Improving internet quality with good network design

Improving internet quality with good network design

Internet connectivity is a business necessity, which is why more and more companies are seeking network designers to help them build a reliable IT setup that maximizes their network investment. However, improving internet quality is not as simple as plugging in a bunch of extra routers, for interference can worsen connectivity issues. It entails building a good network plan from the ground up to address problems before they arise and maximize the capabilities of the equipment you have.

Here are some things you should keep in mind when designing your network:

Improve connectivity without sacrificing security

Improving connectivity is about ensuring that all parts of your office get ample internet access. Most offices today use Wi-Fi portals to enable devices to connect to their network. Wi-Fi networks require less cabling but they tend to have reliability issues, especially if an office layout is prone to interference. Some offices opt for full cabling to achieve optimal internet speeds and quality at all times, but these setups don’t allow for mobile connectivity.

Your internet setup will depend on the equipment you use, but fewer and fewer businesses these days rely on a purely wired network. The sheer majority of companies today either use a fully wireless or a hybrid network. A hybrid network setup, which uses both direct-to-computer cabling and wireless hotspots, may be better in terms of productivity, but it may also require more effort on the side of security. So make sure to factor that in when choosing which type of network setup to implement.

Standardize hardware and software

Standardizing your hardware and software is actually one of the easiest ways to design a network these days, as many network tools are produced with seamlessness in mind. For example, most of the popular Wi-Fi router brands also produce mesh devices that provide boosted security and reliability when paired with similarly branded routers.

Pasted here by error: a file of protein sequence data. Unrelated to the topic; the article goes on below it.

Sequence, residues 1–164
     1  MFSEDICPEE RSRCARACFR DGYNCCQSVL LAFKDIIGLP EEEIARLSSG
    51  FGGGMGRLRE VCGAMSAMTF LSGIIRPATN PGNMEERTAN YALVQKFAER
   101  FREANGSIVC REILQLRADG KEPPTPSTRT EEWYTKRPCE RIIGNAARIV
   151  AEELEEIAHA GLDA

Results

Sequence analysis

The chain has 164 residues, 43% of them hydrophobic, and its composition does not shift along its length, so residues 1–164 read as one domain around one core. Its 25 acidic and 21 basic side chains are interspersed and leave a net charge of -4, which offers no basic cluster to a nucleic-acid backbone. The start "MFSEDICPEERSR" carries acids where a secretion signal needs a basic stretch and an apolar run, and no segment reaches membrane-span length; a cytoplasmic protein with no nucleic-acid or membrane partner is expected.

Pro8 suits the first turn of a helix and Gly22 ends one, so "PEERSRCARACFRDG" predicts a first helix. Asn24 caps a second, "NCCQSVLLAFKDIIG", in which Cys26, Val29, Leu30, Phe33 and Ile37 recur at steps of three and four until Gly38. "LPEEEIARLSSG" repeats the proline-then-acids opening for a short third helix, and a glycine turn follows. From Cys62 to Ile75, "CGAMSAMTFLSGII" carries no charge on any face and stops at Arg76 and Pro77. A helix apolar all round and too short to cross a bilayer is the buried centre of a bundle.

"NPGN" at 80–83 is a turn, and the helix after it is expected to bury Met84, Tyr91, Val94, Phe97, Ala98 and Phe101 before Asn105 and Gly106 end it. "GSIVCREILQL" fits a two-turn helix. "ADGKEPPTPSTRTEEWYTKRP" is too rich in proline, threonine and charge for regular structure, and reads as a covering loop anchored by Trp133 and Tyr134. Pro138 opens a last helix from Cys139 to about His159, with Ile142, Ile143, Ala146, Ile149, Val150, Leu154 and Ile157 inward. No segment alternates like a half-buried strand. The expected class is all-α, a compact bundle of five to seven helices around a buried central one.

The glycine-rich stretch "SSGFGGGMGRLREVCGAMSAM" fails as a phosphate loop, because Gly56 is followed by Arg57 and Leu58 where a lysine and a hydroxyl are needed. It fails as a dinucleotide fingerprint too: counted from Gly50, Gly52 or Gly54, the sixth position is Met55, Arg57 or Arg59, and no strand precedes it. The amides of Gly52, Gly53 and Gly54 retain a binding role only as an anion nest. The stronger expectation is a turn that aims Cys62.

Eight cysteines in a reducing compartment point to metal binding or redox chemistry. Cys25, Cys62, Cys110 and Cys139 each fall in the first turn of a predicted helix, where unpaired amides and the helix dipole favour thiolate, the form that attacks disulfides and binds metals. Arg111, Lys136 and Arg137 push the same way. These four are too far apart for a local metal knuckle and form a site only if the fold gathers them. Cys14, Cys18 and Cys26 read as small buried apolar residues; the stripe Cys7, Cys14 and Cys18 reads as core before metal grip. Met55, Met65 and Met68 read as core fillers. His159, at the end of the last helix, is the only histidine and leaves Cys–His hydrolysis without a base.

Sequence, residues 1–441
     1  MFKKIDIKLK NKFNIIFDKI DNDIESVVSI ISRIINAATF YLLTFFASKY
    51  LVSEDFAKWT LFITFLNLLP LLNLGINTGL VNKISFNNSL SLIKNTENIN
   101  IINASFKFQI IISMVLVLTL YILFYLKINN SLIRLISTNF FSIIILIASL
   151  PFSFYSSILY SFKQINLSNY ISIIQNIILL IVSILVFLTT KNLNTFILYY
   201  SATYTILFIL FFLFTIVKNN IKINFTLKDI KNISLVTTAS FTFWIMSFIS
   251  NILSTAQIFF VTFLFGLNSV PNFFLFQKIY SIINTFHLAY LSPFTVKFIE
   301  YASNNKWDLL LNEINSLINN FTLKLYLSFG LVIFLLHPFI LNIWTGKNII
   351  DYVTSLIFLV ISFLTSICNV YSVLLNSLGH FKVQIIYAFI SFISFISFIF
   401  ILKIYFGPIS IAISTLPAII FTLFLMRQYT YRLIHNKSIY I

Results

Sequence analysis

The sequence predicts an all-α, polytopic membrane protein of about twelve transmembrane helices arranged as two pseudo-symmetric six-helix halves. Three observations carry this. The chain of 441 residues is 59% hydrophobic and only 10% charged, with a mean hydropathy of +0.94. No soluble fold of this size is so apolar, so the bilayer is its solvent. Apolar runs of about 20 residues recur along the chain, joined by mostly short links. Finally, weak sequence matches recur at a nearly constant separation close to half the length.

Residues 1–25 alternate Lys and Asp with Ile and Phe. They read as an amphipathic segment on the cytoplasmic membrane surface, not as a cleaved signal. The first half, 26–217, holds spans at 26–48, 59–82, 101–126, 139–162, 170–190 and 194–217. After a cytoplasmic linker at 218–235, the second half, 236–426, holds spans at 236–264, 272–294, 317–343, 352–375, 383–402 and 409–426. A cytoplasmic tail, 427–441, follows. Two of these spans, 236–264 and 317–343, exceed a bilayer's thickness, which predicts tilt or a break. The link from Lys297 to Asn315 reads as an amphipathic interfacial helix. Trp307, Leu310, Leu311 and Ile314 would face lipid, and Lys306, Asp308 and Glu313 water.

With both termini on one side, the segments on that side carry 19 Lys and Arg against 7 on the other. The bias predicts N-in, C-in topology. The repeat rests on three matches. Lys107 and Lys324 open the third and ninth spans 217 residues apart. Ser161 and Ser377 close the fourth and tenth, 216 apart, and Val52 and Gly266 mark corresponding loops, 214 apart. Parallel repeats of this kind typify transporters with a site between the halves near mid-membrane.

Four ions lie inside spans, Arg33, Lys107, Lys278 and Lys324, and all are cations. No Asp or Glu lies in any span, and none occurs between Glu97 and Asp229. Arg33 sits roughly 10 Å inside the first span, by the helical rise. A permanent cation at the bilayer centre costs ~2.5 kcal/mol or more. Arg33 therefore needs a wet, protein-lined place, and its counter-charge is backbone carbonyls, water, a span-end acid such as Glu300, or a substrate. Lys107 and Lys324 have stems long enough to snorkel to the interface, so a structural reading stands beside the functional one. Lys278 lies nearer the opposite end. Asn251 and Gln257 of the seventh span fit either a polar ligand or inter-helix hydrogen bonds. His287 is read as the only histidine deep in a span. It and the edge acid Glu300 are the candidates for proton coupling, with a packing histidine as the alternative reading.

And while software is not really a component of network infrastructure, using standardized software instead of a disparate system will surely raise your security profile. Software producers are more committed than ever to provide organizations with a secure space to fulfill different business needs such as productivity, resource management, accounting, and more.

Microsoft 365, for example, is a unified set of software that companies can use for a variety of needs. In this software suite, you can be assured that inter-software communications are secure, collaboration is simple, and integration among the different Microsoft 365 software is seamless.

Have redundancies and backups

The terms “redundancies” and “backups” are often used interchangeably, but a simple way of differentiating them is by seeing redundancies as an important component of backup planning, which is crucial when designing a network. In network design, most of your redundancies will come by way of hardware, usually in the form of servers and connectivity peripherals such as mesh routers and cables. A good rule of thumb is to have redundant components on standby for any part of the network that should not experience downtime for more than an hour.

Another thing to consider is having a secondary internet provider. Having a second business internet account may not be too cost-effective for most small businesses, so get creative with your backup connection. For instance, mobile data networks on smartphone hotspots are a cheap alternative, but they should only be considered for urgent needs because of their susceptibility to cyberthreats.

Make your network a part of your disaster recovery plan

A network recovery and resuscitation plan is an integral part of a bigger disaster recovery plan, which any business shouldn't do without. Recovering all data and operational capacity will be moot and academic if the network on which it resides remains down. So make sure that you can bring your network up to speed quickly if your business has to deal with a disaster.

Your network recovery plan should include details of your data backup plan and the location of your data copies. It would be wise to consult with a reputable backup provider so you can identify which parts of your network should be prioritized and decide which types of backup would suit your needs best.

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